RobotSweater: Scalable, Generalizable, and Customizable
Machine-knitted Tactile Skins for Robots

RobotSweater is a machine-knitted pressure-sensitive low-cost tactile skin that is scalable, generalizable, and customizable. In this work, we design and fabricate a parameterized multi-layer tactile skin using off-the-shelf yarns with a programmable industrial knitting machine. We characterize our tactile skins to show their robust contact detection, multi-contact localization, and pressure sensing capability. Using our tactile skins, we demostrate closed-loop control with tactile feedback for human lead-through control of a robot arm and human-robot interaction with a mobile robot.

  title={RobotSweater: Scalable, Generalizable, and Customizable Machine-Knitted Tactile Skins for Robots},
  author={Si, Zilin and Yu, Tianhong Catherine and Morozov, Katrene and McCann, James and Yuan, Wenzhen},
  journal={arXiv preprint arXiv:2303.02858},

Supplementary video

In this video, we present the sensor manufacturing procedure from sensor fabrication with a knitting machine to sensor assembly. We demonstrate the interaction between sensors and different objects along with visualization of sensor readings. In the end, we show two applications of RobotSweater sensors on a robot arm with human lead-through control and on a mobile robot with human-robot interaction.

Sensor design overview

An exploded view of the three-layer design: a perforated insulating mesh layer is sandwiched between two orthogonal layers of conductive stripes. The conductive stripes form a resistor matrix whose values change in response to applied pressure. Eyelets are placed along the borders for alignment and read-out purposes.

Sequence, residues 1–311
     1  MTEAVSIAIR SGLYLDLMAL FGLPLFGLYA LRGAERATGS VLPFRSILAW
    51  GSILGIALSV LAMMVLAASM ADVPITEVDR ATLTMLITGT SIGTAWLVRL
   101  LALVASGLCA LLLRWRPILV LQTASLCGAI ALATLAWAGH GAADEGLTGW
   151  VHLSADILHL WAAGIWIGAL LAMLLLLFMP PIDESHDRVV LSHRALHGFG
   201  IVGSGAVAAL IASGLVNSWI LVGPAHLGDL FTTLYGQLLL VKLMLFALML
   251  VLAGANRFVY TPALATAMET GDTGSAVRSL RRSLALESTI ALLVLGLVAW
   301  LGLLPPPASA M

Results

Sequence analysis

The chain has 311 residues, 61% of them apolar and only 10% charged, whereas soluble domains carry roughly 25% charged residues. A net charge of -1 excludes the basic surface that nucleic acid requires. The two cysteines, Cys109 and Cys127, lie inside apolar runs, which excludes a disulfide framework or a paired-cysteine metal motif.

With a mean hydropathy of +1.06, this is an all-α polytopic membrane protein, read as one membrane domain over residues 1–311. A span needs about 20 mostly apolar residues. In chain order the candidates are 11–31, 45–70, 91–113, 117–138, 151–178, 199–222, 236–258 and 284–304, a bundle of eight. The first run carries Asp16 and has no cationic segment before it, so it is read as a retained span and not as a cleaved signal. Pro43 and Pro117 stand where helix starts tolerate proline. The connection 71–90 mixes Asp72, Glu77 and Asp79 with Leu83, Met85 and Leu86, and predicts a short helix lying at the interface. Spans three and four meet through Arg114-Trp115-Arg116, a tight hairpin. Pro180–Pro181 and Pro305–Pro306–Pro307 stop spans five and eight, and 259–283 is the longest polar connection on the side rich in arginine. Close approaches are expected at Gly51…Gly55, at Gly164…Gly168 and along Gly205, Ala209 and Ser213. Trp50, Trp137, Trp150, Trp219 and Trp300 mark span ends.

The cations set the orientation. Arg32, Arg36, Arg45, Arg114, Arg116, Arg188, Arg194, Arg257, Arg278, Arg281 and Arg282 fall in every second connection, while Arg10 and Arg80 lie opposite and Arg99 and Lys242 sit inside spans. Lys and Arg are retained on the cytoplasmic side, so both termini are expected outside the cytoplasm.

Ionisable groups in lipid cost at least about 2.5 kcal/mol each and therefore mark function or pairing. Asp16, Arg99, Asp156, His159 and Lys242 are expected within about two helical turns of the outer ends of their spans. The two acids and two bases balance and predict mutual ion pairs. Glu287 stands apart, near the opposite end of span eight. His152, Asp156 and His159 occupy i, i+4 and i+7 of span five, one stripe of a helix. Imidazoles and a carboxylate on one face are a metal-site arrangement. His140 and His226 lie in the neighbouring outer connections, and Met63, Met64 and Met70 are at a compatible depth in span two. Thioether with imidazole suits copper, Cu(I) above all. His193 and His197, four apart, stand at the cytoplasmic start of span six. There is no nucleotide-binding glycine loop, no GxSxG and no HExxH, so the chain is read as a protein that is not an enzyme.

Sensor working principle

Left: Each intersection between the horizontal and vertical stripes can be modeled as a variable resistor. The resistance decreases as pressure increases.

Right: (a): the read-out board contains an Arduino nano, two multiplexers and a reference resistor; and it reads values of the resistor matrix.

(b): the schematic of the readout circuit. Due to the highly resistive yarn, row/column margin resistors of resistance ∼ 3KΩ are not negligible. Behaviors of taxel unit variable resistors are explained in the left figure.

Force sensitivity

Tactile readings of our sensors from each taxel unit, ricj (located at i-th row and j-th column), are linearly correlated to the gradually increased applied normal forces at different locations on (a) flat and (b) curved surfaces.


Repeatability test of our sensor. The experimental setup is shown on the bottom left. Using force-torque sensor’s z-axis readings as the ground truth load (black lines), we repeat force loading and unloading on a single taxel unit and plot the corresponding tactile reading (burgundy lines). We zoom in two cycles of: load, static contact, and unload at the beginning and the end of the test respectively.

Multi-contact detection and localization

Multi-contact detection as weights are placed at different locations. Taxel units are colored corresponding to the tactile readings, as shown in the bottom color bar. Notice the ghosting at r0c1 in the bottom right plot.


This research is supported by the CMU Manufacturing Futures Institute, made possible by the Richard King Mellon Foundation; and supported by the National Science Foundation under Award No. 1955444. Any opinions, findings and conclusions or recommendations expressed in this material are those of the author(s) and do not necessarily reflect the views of the National Science Foundation.